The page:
As threats of military aggression from China grow, the island nation of Taiwan needs a credible military deterrent more than ever. But Taiwan’s military is in a crisis it can barely admit exists.
Even as the military refits itself with flashy U.S. arms purchases, such as M1 Abrams tanks and F-16V fighter jets, its front-line units are hollowed out, and the entire reserve system is so dysfunctional that few experts or serving military personnel believe it can make a real military contribution in the event of a war. These problems are well documented but continue to be downplayed, if not outright ignored, by Taiwan’s political leadership—and there is no clear plan to solve the crisis.
On paper, Taiwan’s Ministry of National Defense (MND) has 215,000 budgeted positions among all branches, of which 188,000 are soldiers and the rest civilian employees. Only 153,000 of those positions were filled in 2018—just 81 percent of the personnel the military should have. But even that number doesn’t tell the complete story.
According to a Taiwanese army lieutenant colonel in active service, who asked for only his last name, Lin, to be used, all the army’s front-line combat units he knows of—including armor, mechanized infantry, and artillery troops—currently have effective manpower levels of between 60 and 80 percent. This figure is consistent with Taiwanese media reports, which cite MND figures provided to Taiwan’s parliament, the Legislative Yuan, acknowledging that few front-line units have more than 80 percent of their positions filled.
“That number might not seem so bad until you realize it means at least a third of your tanks are useless in a war because there’s no one to man them,” said Lin, who most recently served as a battalion commander within one of army’s armor brigades.
The personnel shortfalls are a clear consequence of the ill-executed transition from conscription to an all-volunteer military over the past few years. It was a political decision made during Ma Ying-jeou’s administration and continued by current President Tsai Ing-wen, despite their coming from different parties. And despite Tsai’s tough rhetoric about defending Taiwan during her successful recent reelection bid, and her vow to thwart Chinese aggression, she has shown no sign of stepping in to fix the problems.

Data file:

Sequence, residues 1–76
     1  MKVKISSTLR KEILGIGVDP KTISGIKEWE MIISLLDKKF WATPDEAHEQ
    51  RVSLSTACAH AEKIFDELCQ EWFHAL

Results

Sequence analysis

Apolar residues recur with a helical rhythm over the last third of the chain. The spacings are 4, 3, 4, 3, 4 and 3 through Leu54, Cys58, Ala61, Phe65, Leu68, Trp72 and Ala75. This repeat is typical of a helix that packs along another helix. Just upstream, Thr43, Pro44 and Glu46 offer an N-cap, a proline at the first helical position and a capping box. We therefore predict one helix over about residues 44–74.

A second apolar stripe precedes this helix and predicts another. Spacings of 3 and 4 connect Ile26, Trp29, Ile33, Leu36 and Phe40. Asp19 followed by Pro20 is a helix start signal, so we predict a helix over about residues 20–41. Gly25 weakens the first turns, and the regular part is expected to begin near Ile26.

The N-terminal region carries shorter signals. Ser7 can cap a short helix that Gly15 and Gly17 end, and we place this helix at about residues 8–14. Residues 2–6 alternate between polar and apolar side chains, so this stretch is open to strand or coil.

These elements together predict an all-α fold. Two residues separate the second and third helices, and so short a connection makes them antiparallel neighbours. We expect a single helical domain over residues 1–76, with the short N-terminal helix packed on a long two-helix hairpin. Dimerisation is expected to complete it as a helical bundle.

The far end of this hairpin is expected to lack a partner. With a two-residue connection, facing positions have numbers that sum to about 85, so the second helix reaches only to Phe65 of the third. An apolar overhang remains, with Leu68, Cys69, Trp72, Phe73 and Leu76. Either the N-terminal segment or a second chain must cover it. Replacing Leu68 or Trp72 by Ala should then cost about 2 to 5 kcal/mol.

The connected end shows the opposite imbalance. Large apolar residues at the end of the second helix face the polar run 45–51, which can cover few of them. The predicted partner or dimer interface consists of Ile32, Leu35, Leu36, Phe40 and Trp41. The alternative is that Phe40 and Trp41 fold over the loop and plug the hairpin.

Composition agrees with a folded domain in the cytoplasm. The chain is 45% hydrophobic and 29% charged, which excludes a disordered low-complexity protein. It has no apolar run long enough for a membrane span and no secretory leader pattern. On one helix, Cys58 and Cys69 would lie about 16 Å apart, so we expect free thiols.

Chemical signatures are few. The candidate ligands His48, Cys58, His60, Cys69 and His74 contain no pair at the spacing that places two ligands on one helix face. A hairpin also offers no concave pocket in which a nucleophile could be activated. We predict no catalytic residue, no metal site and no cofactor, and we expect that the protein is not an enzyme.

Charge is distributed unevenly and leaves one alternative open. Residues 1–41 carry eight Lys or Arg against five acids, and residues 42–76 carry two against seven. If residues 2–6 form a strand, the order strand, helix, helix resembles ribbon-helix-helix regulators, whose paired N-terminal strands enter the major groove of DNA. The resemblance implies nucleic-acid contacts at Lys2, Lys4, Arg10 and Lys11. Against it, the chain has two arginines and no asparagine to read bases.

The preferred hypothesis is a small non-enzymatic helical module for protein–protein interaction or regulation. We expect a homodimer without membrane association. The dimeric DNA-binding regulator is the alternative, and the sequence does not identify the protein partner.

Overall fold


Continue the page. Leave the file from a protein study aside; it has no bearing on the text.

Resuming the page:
Universal conscription is mandated in Article 20 of the Taiwanese Constitution, as in several other countries that face an imminent military threat, such as South Korea or Israel (where women are included but some minorities excluded). For some years, before 2017, the term of conscription service in Taiwan was just a year, which was already short compared with South Korea’s 18-22 months, depending on the military branch, or Israel’s 32 months. Most officers felt that the single year of service wasn’t enough for the military to utilize draftees’ full potential but enough to at least turn a recruit into an average soldier.
But 2017’s changes slashed the conscription period to just four months. Most draftees serve even less, as up to two weeks can be deducted if they’ve completed military training classes in high school and college. The four-month conscripts typically receive five weeks of basic training before they are assigned to field units for more specialty training. But they’re more a burden than an aid, not treated seriously by career or noncommissioned officers as their short stays mean they are seen as guests rather than soldiers.
“By design, they don’t participate in any field exercise or combat readiness training anyway,” Lin said. “We just tell them to stay safe and don’t get into trouble. It’s basically a summer camp.” Several individuals who recently completed this four-month service described similar experiences in interviews.